[News] How Most Aid to the Palestinians Ends up in Israel’s Coffers

Anti-Imperialist News news at freedomarchives.org
Tue Mar 8 18:27:41 EST 2016


  How Most Aid to the Palestinians Ends up in Israel’s Coffers

Mar 8 2016 / 5:27 pm

*By Jonathan Cook – Nazareth
http://www.palestinechronicle.com/how-most-aid-to-the-palestinians-ends-up-in-israels-coffers/***

Diplomats may have a reputation for greyness, obfuscation, even 
hypocrisy, but few have found themselves compared to a serial killer, 
let alone one who devours human flesh.

That honour befell Laars Faaborg-Andersen, the European Union’s 
ambassador to Israel, last week when Jewish settlers launched a social 
media campaign casting him as Hannibal Lecter, the terrifying character 
from the film Silence of the Lambs.

An image of the Danish diplomat wearing Lecter’s prison face-mask was 
supposed to suggest that Europe needs similar muzzling.

The settlers’ grievance relates to European aid, which has provided 
temporary shelter to Palestinian Bedouin families after the Israeli army 
demolished their homes in the occupied territories near Jerusalem. The 
emergency housing has helped them remain on land coveted by Israel and 
the settlers.

European officials, outraged by the Lecter comparison, have reminded Tel 
Aviv that, were it to abide by international law, Israel – not the EU – 
would be taking responsibility for these families’ welfare.

While Europe may think of itself as part of an enlightened West, using 
aid to defend Palestinians’ rights, the reality is less reassuring. The 
aid may actually be making things significantly worse.

Shir Hever, an Israeli economist who has spent years piecing together 
the murky economics of the occupation, recently published a report that 
makes shocking reading.

Like others, he believes international aid has allowed Israel to avoid 
footing the bill for its decades-old occupation. But he goes further.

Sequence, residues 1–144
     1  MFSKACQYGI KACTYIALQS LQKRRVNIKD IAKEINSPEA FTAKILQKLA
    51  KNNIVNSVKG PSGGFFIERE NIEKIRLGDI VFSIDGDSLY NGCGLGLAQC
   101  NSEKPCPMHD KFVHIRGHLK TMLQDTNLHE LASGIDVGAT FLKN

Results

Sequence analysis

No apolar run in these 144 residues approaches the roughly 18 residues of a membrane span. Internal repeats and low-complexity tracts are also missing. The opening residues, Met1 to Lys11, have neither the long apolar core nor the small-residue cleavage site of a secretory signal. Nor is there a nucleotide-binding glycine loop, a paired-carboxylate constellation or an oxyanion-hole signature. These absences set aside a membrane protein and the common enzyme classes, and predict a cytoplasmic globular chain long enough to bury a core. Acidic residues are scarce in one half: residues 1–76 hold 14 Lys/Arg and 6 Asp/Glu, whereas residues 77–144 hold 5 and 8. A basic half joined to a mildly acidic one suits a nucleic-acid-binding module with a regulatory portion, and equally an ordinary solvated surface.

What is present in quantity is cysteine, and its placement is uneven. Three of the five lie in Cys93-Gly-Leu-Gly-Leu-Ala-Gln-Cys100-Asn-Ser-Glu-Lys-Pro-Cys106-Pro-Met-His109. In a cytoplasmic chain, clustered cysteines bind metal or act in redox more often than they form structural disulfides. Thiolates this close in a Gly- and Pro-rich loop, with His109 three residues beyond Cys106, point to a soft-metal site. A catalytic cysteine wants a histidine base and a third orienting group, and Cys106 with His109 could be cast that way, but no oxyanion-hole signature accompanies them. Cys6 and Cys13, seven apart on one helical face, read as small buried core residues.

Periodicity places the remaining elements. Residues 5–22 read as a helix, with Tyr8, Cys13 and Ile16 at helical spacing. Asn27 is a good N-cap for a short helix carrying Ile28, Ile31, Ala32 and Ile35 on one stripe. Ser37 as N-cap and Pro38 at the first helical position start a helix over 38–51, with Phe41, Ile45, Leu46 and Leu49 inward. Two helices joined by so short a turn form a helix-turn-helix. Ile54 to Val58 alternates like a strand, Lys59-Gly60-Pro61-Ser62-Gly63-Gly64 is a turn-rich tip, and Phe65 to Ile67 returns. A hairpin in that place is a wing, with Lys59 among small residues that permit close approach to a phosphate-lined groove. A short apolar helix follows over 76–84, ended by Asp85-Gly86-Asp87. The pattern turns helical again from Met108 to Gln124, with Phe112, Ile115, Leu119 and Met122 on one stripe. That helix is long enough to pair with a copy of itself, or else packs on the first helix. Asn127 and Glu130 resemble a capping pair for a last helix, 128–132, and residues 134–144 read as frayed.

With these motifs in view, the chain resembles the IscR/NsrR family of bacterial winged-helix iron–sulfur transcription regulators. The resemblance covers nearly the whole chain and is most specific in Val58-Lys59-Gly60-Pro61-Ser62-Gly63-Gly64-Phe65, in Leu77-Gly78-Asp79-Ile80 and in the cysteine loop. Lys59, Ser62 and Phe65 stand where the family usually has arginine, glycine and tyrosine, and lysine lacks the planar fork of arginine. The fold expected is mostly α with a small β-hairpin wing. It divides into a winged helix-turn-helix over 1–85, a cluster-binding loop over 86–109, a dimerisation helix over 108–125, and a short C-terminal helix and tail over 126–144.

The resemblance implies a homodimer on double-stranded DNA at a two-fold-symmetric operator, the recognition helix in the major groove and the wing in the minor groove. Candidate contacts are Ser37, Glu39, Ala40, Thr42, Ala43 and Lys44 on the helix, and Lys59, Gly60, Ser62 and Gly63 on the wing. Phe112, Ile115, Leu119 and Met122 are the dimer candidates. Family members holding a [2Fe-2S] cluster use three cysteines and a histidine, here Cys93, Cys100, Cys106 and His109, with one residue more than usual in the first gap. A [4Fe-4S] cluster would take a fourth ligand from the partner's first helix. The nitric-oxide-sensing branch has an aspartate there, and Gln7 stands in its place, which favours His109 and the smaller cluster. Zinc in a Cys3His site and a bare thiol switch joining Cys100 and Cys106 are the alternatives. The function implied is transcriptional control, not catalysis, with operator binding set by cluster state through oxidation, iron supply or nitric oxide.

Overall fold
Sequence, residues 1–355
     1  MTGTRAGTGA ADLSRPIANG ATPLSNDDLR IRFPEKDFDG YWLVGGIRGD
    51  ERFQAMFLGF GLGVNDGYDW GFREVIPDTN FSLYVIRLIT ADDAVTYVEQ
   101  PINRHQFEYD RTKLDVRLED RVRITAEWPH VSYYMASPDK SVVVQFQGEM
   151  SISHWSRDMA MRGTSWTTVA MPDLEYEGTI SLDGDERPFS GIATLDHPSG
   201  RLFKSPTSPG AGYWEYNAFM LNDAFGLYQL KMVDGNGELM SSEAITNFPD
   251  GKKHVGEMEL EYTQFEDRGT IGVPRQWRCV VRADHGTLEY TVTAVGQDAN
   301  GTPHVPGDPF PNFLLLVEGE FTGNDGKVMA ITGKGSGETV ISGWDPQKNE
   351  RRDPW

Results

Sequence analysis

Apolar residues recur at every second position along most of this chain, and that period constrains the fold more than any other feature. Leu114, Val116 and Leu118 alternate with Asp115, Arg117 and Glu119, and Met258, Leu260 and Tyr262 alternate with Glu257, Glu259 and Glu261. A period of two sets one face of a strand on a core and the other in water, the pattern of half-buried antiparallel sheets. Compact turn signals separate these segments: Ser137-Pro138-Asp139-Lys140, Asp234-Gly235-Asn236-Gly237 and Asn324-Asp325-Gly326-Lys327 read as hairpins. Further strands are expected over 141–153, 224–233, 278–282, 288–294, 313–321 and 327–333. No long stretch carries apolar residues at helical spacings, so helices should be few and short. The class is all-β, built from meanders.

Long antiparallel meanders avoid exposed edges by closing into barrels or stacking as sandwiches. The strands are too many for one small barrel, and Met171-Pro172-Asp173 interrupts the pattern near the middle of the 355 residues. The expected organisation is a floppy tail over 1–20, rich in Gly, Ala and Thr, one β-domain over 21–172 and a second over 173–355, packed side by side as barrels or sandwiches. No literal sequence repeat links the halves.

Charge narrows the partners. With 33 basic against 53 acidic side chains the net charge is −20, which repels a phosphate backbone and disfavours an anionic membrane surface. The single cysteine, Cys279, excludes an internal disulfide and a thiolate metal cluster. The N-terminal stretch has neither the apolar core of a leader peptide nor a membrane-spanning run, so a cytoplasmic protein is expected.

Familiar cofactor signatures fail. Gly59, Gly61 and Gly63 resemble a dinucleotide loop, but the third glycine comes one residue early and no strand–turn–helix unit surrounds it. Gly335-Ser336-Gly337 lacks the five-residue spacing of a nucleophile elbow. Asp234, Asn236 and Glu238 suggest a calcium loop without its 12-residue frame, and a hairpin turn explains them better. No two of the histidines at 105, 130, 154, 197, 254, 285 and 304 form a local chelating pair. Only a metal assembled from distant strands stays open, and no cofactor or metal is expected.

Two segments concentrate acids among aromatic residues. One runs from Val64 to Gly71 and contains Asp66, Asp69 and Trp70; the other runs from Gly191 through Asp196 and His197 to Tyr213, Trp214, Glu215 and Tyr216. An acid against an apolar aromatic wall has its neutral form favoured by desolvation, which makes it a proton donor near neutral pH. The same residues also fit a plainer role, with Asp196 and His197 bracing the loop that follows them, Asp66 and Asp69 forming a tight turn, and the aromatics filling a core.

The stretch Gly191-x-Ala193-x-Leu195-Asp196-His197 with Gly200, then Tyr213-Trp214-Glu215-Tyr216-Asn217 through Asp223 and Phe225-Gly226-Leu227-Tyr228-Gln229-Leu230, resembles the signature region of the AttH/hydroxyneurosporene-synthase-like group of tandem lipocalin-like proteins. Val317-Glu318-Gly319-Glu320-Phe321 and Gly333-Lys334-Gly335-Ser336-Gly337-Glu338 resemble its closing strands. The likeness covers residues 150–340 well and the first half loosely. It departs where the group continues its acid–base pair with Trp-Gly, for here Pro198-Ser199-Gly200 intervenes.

His astonishing conclusion – one that may surprise Israel’s settlers – 
is that at least 78 per cent of humanitarian aid intended for 
Palestinians ends up in Israel’s coffers.

The sums involved are huge. The Palestinians under occupation are among 
the most aid-dependent in the world, receiving more than $2bn from the 
international community a year. According to Hever, donors could be 
directly subsidizing up to a third of the occupation’s costs.

Other forms of Israeli profiteering have been identified in previous 
studies.

In 2013 the World Bank very conservatively estimated that the 
Palestinians lose at least $3.4bn a year in resources plundered by Israel.

Further, Israel’s refusal to make peace with the Palestinians, and as a 
consequence the rest of the region, is used to justify Washington’s 
annual $3bn in military aid.

Israel also uses the occupied territories as laboratories for testing 
weapons and surveillance systems on Palestinians – and then exports its 
expertise. Israel’s military and cyber industries are hugely profitable, 
generating many billions of dollars of income each year.

A survey published last week found tiny Israel to be the eighth most 
powerful country in the world.

But whereas these income streams are a recognizable, if troubling, 
windfall from Israel’s occupation, western humanitarian aid to the